But is that what's really going on here?

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I found myself struggling with a question this week; When is a revolution not a revolution? What did I decide? Answer: I'm not sure. But one thing I do know: This time, we may all be looking at one revolution that is hiding in plain sight.

Newspapers across the country recently carried a story concerned, ostensibly, with the rising interest of Syrian girls in the study of the Koran.

Teenage girls, it seems, have developed madrasas, Islamic schools, for girls as young as five years old. Other young women have created secret study groups designed to give older girls advanced education in the Koran.

Some writers interpret the story as sign of a sharp move away from the established secular government in the country. They see it as simply one more indicator of an emerging interest in the establishment of a religious state in Syria as well as in other parts of the Muslim world. It signals for them the kind of moment that could eventually pit proponents of Islamic theocracy against the more pluralistic character of the secular state with its separation of religion and the political system.

Other writers dismiss the story entirely except to wonder why women would be interested in any religion that counseled stoning them to death. These readers are, apparently, completely oblivious to the fact that the whole history of religion with women more often belies the ideals of religion -- any religion -- than enhances them.

I figured that both interpretations, however well-founded each might be from one particular perspective or another, may well be missing a dimension of far greater significance than either of those. This story is about a great deal more than religion.

Whatever their interest in the Koran as a spiritual document, Muslim girls -- like Hindu, Buddhist, Jewish and Catholic girls, as well -- have normally been denied the right to be the religious scholars, imams, rabbis, priests or ordained monastics of their various faith communities. Just as women were not permitted to get academic degrees in Catholic theology before the 1940s, Muslim women have also not been permitted to be imams or prayer leaders of mixed gender congregations.

Despite the presence of women in leadership positions in the early history of every major religion, the place of the role of women in religion is everywhere today still a major question.

But religion is not the only thing going on in this movement of Syrian women to appropriate the scriptures for themselves. This movement is as surely about feminism and women's rights as it is about learning the Koran.

These are young women teaching women. In one case, a 16 year old teaches five year olds to memorize the Koran. In another, a young 20 year old is teaching her peers not simply to recite the verses of the Koran but to probe their history and meaning. "People mistake tradition for religion," a young woman explains to a reporter. "Men are always saying, 'Women can't do that because of religion,' when in fact it is only tradition. It's important for us to study so that we will know the difference." ( "Islamic Revival in Syria is Led by Women," NYT, Aug. 29, 2006)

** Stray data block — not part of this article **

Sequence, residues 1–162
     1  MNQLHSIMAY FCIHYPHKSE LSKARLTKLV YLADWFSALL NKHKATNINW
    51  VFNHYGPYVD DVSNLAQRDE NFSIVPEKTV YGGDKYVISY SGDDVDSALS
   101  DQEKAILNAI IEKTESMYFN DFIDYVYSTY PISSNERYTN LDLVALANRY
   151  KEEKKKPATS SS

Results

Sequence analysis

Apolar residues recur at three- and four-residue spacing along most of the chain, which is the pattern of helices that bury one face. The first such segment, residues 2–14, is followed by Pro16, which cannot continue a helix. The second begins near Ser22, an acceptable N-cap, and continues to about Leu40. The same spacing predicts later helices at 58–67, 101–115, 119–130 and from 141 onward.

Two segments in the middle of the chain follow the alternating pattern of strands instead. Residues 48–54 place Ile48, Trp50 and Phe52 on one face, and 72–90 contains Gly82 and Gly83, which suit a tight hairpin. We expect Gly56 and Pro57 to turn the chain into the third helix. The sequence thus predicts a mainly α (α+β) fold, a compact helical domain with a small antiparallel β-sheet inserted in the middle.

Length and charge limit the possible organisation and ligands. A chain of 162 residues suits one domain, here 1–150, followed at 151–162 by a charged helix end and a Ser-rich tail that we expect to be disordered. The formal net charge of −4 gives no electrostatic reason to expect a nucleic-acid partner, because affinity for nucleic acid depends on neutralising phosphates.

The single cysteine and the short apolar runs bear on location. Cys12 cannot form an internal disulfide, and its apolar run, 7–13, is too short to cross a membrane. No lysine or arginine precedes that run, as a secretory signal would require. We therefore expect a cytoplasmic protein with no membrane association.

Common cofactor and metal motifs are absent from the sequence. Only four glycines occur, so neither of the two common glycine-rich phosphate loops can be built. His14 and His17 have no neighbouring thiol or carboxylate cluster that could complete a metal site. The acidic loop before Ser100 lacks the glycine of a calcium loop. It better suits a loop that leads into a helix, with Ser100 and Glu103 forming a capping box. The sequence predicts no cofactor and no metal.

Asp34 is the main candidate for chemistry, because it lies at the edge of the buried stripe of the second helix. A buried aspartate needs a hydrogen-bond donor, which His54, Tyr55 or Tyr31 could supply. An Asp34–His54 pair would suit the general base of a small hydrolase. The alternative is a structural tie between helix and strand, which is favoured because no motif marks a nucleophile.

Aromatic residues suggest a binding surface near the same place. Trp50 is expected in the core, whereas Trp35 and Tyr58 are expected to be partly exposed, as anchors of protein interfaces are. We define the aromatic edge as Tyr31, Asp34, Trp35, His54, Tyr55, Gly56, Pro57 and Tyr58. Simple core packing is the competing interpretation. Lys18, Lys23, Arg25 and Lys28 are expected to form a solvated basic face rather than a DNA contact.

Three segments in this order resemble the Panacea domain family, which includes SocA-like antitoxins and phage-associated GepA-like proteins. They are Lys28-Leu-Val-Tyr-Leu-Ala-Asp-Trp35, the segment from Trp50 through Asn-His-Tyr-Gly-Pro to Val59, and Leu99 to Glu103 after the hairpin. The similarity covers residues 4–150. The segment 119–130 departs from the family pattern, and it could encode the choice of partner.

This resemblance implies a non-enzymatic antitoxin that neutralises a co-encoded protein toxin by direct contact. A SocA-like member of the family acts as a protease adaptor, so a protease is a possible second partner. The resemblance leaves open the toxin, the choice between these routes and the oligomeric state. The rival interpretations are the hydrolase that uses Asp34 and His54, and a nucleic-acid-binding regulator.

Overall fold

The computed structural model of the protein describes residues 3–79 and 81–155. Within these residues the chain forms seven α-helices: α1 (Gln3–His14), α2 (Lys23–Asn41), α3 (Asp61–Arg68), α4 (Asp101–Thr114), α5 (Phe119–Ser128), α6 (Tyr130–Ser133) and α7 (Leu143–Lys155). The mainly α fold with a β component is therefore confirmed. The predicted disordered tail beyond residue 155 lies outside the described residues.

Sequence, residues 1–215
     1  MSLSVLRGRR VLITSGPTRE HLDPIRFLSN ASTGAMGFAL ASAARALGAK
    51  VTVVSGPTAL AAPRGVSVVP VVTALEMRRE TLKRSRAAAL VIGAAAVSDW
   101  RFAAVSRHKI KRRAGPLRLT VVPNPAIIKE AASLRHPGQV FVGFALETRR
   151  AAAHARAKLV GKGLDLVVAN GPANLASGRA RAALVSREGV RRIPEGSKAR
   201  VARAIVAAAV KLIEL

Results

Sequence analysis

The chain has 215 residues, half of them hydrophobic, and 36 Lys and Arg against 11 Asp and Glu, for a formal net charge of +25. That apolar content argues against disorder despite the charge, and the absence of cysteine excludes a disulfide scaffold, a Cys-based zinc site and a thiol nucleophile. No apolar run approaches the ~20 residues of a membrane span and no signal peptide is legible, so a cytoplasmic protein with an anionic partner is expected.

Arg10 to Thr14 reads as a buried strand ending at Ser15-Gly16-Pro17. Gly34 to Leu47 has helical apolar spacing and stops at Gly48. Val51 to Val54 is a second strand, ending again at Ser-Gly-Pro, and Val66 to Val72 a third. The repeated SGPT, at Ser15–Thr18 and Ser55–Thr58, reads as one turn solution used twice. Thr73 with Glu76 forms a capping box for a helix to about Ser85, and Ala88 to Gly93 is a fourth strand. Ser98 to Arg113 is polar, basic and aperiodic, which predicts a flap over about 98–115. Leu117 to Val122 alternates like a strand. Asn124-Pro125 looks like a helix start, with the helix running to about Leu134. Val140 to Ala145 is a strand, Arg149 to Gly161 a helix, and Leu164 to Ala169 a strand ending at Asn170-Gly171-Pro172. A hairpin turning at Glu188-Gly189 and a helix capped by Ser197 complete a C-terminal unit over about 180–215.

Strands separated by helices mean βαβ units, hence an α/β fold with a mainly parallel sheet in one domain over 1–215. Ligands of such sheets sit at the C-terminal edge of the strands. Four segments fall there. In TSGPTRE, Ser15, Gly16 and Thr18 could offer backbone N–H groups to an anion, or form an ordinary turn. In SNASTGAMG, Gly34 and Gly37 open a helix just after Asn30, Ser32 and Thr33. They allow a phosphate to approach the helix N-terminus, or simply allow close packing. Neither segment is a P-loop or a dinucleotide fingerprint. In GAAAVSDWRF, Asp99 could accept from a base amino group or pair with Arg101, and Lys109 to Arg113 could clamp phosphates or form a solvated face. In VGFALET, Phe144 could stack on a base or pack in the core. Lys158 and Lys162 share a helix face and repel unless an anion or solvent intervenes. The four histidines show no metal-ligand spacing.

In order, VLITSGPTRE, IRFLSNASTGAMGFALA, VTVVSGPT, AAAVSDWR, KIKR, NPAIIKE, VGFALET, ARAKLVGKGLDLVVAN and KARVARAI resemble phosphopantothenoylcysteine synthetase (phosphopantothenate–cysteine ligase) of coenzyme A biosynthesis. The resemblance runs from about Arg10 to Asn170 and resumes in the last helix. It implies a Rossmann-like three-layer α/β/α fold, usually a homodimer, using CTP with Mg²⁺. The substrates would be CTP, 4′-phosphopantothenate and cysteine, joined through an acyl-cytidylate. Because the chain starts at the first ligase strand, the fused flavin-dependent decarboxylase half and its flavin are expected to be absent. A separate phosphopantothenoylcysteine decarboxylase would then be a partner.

Clearly there is more than a catechism mentality at stake. These are women making independent decisions about things as important as whether women are allowed to meet together without male approval -- and teaching other women to do the same.

Despite centuries of male norms governing women's lives, these women are beginning to think through scriptural interpretations that have passed for religious dictates for centuries and to interpret them differently than men, especially in areas that affect women.

What's more, they are doing it, they say, in order to be able to contribute to the development of the tradition themselves, something left almost entirely to men -- at least until now.

And, to add insult to injury, they are doing it in women's groups for women only. The implications of such a movement as that for the development of both society and religion are overwhelming.

First, God is becoming the property of females as well as males and, as a result, looking less gendered, more truly spirit, by the day.

Second, this is not conservative Islam we're seeing, this is Islamic feminism, whether we recognize it or not. For those who might be tempted to consider "Islamic feminism" an oxymoron, it may be time to start thinking otherwise.

As the Arab's say, "The camel's nose is under the tent," and it is neither Western nor anti-Western in its intent. It is simply one more instance of the rising consciousness of women everywhere as they seek to take their proper places in the world.

It's a revolution, all right, but it is changing more than the secular government of Syria. It is changing the world everywhere.

The secret is out. Women are human beings. They are fully human. And they intend to claim that humanity, however revered the institution that is inclined to say no to their full presence in it.

It is more than possible, then, that we're seeing two revolutions at once. One may well be political. Maybe something is happening to government in Syria. Maybe these groups really are the seeds of a frontal attack on secularism and the first stirrings of an Islamist state.

But the other revolution is yet largely invisible, but growing. And it is a great deal more important than the political one because it signals the change of the world. Or as the Chinese proverb puts it, "When sleeping women wake, mountains will move."

From where I stand, it seems to me that we may be seeing a lot more than we think we're seeing. Shouldn't we tell somebody?

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